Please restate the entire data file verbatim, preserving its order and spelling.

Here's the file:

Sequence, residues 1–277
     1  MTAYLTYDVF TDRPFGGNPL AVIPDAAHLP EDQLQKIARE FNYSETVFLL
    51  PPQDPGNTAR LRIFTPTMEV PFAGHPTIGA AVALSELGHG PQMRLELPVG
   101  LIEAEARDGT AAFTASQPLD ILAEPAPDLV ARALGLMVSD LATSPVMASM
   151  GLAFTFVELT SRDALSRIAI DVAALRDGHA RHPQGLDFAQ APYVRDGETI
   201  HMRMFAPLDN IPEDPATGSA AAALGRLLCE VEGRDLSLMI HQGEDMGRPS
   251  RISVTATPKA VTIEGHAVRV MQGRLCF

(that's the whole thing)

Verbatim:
Sequence, residues 1–277
     1  MTAYLTYDVF TDRPFGGNPL AVIPDAAHLP EDQLQKIARE FNYSETVFLL
    51  PPQDPGNTAR LRIFTPTMEV PFAGHPTIGA AVALSELGHG PQMRLELPVG
   101  LIEAEARDGT AAFTASQPLD ILAEPAPDLV ARALGLMVSD LATSPVMASM
   151  GLAFTFVELT SRDALSRIAI DVAALRDGHA RHPQGLDFAQ APYVRDGETI
   201  HMRMFAPLDN IPEDPATGSA AAALGRLLCE VEGRDLSLMI HQGEDMGRPS
   251  RISVTATPKA VTIEGHAVRV MQGRLCF